Artistic License

I wish to add a note about artistic license here under method because it is one of the pitfalls of young singers. You’ve, no doubt, heard a great singer or a great recording and perhaps, you want to be just like them. You focus on the artistic license taken by a particular artist, the rallentandos, how long they held that high B-flat and how it took your breath away. You attempt to imitate them by singing or learning these difficult passages first, full-voice and often without seeing the music. Working this way, you can imagine yourself singing at an international level; it feels wonderful. You are euphoric; your debut at the Met is just around the corner! Sound familiar? Have you or someone you know ever done this? Of course, we all have! It may satisfy our fancy but it does little to benefit us as singers.

Serious singers who make it to an international level are extremely disciplined about how they work, learn music, practice and perform. If you can learn their methodology you may reach to their level. Without discipline, you won’t go far.

Artistic license is taken by mature singers at certain places, sometimes indicated by the composer, sometimes not, in order to add musical expression in the style of the piece they are presenting and to ‘wow’ the audience. It is a finishing touch, not a point of departure. Singers may also use artistic license which is unique to them, but more often than not it follows accepted norms.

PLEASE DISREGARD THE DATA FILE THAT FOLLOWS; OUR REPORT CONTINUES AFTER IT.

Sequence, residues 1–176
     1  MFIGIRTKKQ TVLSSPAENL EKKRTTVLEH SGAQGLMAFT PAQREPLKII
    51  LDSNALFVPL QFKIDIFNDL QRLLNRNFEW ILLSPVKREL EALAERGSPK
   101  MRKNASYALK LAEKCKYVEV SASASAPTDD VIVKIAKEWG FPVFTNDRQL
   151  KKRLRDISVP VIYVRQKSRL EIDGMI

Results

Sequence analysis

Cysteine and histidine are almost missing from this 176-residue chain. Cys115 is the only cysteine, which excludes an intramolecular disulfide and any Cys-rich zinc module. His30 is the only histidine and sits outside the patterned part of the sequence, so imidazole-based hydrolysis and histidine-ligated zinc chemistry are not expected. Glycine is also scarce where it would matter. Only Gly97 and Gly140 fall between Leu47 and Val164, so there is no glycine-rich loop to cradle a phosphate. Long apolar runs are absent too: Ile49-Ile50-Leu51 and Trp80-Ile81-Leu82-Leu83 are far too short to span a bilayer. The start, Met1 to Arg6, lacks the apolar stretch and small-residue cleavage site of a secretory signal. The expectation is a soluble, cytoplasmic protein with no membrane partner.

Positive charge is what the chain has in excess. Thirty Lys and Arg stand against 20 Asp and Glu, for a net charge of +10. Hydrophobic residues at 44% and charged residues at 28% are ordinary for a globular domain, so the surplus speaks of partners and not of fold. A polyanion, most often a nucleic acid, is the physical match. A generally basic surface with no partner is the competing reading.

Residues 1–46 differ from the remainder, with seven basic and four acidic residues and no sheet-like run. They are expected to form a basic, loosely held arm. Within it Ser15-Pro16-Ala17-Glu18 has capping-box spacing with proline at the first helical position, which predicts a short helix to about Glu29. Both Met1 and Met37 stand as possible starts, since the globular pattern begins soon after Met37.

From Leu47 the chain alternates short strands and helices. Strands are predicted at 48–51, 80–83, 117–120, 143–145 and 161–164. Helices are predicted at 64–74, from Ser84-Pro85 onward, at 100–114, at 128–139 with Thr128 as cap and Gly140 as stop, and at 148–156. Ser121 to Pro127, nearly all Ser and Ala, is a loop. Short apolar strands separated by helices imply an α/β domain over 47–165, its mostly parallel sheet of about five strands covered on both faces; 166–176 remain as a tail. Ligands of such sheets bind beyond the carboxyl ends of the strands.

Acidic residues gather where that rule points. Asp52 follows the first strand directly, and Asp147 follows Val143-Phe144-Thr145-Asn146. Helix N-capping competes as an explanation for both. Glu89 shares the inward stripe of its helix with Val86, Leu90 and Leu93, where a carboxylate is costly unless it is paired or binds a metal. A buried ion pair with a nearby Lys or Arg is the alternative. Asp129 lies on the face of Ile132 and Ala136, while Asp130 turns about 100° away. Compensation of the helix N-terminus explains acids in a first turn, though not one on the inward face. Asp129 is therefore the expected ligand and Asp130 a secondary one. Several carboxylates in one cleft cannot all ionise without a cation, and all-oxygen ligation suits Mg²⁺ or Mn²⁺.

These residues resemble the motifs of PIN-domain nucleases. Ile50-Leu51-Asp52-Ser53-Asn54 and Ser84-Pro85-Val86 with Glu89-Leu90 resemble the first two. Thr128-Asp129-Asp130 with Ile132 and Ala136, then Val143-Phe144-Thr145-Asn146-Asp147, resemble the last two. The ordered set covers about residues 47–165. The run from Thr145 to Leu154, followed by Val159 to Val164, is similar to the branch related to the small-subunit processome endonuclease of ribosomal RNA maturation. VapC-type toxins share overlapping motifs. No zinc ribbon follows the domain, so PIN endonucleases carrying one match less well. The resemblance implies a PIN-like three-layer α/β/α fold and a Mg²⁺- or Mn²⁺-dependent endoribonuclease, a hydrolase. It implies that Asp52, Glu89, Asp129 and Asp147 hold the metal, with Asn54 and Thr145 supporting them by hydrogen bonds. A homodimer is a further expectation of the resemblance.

Great singers earn the right to use artistic license as they mature in their careers. When learning something new, and performing it for the first time, it’s better to follow what is written somewhat strictly. Once the piece is well known to you, add the accepted norms. Be careful in the beginning with artistic license; you might be doing something in poor taste and not realize it. What passed in the fifties, doesn’t work today. If you want to show off a bit, choose one well-known place to do it and limit yourself to that. Check where other, more recent singers, have chosen to ‘strut their stuff’ and follow suit. Most singers will take time at the big high note at the end – usually only one. It’s the last thing they learn or add, not the first (see Marking).

Seasoned artists, particularly on older recordings, may take time at every high note. Don’t try to emulate this early in your career. Musicians and conductors are much more forgiving to a seasoned artist than to a young one. Tastes change over time. With experience you’ll develop a feel for what is considered ‘in good taste’ as an artist and ‘not in good taste’. Being true to the composer and stylistic time-frame will win you more friends and favors. Developing a rapport with the conductor will also help. They may expect you to take time at certain places; follow their lead and take advantage of it. If the conductor is happy with you and how easy you are to work with, it may lead to future engagements.

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